Gulbuddin Hekmatyar, one of the most notorious warlords of Afghanistan, on Saturday (29 April) urged the Taliban to stop fighting and begin peace negotiations. It was his first public speech since signing a peace deal with the Afghan government.

"I invite you to join the peace caravan and stop the pointless, meaningless and unholy war," the former prime minister of the country said while addressing a gathering of his followers and Afghan politicians in Laghman province, east of the capital, Kabul.

"I want a free, proud, independent and Islamic Afghanistan," he added.

Hekmatyar, who was blacklisted by the United Nations in 2003, returned to Afghanistan after the UN removed his name from the list of most wanted Isis and al-Qaeda terrorists in February 2017.

The Afghan government had requested the UN to remove the warlord's name from the list as part of a peace deal that Hekmatyar and his militant group, Hezb-i-Islami, signed with the government in September 2016.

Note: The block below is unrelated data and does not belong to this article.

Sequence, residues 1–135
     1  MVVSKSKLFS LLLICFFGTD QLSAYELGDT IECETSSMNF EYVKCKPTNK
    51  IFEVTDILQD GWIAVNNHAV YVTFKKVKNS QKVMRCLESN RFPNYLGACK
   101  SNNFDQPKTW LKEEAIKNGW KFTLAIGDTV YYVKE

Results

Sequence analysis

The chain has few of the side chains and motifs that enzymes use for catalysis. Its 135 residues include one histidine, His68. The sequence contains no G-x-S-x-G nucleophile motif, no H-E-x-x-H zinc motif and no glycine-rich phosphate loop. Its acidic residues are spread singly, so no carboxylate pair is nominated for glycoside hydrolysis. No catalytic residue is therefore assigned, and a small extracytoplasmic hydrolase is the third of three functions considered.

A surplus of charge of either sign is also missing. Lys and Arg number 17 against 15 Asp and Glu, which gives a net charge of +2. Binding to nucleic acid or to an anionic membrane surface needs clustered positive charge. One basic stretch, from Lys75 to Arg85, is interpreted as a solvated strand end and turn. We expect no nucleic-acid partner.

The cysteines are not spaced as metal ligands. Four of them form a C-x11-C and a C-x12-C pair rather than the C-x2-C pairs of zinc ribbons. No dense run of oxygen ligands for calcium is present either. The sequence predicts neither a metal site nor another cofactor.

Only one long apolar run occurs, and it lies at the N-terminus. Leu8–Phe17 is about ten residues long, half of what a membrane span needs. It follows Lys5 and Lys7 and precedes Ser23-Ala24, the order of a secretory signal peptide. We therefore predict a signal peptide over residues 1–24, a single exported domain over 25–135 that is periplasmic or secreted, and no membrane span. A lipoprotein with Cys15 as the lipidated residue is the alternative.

Under the accord, the Afghan government promised an official pardon to the militant group's associates and the group would be accepted as a political party involved in major political decisions, although it would not join the government.

The accord came in for praise from several quarters as a step forward to wider peace in the country, but some Afghans and human rights groups also criticised it for the pardon it gave Hekmatyar and his fighters.

Human Rights Watch researcher Patricia said that Hekmatyar's return "will compound the culture of impunity" and also called the deal an "affront" to victims of violence.

Hekmatyar was a prominent anti-Soviet commander in the 1980s and played a vital role during the bloody civil war of the 1990s when he was the prime minister. He was also accused of the 2013 Kabul attack, in which two US soldiers along with four US civilian contractors and eight Afghans were killed.

Afghan warlord Gulbuddin Hekmatyar
Afghan warlord Gulbuddin Hekmatyar (R) arrives to speak to supporters in Laghman province, Afghanistan, 29 April, 2017 REUTERS/Parwiz